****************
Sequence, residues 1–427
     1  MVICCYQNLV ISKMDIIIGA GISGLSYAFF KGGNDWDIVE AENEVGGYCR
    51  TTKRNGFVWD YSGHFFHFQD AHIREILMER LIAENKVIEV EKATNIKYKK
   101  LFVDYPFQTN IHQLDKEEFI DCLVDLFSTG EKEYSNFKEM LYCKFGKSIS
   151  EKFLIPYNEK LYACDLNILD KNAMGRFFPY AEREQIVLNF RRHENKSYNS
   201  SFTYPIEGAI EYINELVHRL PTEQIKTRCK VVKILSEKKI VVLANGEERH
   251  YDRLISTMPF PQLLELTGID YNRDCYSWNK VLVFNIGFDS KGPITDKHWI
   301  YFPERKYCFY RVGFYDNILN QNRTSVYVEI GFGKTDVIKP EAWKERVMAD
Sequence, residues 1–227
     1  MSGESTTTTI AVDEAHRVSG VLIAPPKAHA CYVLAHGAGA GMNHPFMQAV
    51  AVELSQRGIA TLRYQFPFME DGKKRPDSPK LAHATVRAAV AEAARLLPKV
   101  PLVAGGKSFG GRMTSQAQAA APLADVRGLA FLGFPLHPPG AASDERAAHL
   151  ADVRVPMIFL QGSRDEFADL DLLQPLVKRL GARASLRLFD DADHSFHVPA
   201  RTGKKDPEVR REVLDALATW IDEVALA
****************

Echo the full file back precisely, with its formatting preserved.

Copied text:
Sequence, residues 1–427
     1  MVICCYQNLV ISKMDIIIGA GISGLSYAFF KGGNDWDIVE AENEVGGYCR
    51  TTKRNGFVWD YSGHFFHFQD AHIREILMER LIAENKVIEV EKATNIKYKK
   101  LFVDYPFQTN IHQLDKEEFI DCLVDLFSTG EKEYSNFKEM LYCKFGKSIS
   151  EKFLIPYNEK LYACDLNILD KNAMGRFFPY AEREQIVLNF RRHENKSYNS
   201  SFTYPIEGAI EYINELVHRL PTEQIKTRCK VVKILSEKKI VVLANGEERH
   251  YDRLISTMPF PQLLELTGID YNRDCYSWNK VLVFNIGFDS KGPITDKHWI
   301  YFPERKYCFY RVGFYDNILN QNRTSVYVEI GFGKTDVIKP EAWKERVMAD
Sequence, residues 1–227
     1  MSGESTTTTI AVDEAHRVSG VLIAPPKAHA CYVLAHGAGA GMNHPFMQAV
    51  AVELSQRGIA TLRYQFPFME DGKKRPDSPK LAHATVRAAV AEAARLLPKV
   101  PLVAGGKSFG GRMTSQAQAA APLADVRGLA FLGFPLHPPG AASDERAAHL
   151  ADVRVPMIFL QGSRDEFADL DLLQPLVKRL GARASLRLFD DADHSFHVPA
   201  RTGKKDPEVR REVLDALATW IDEVALA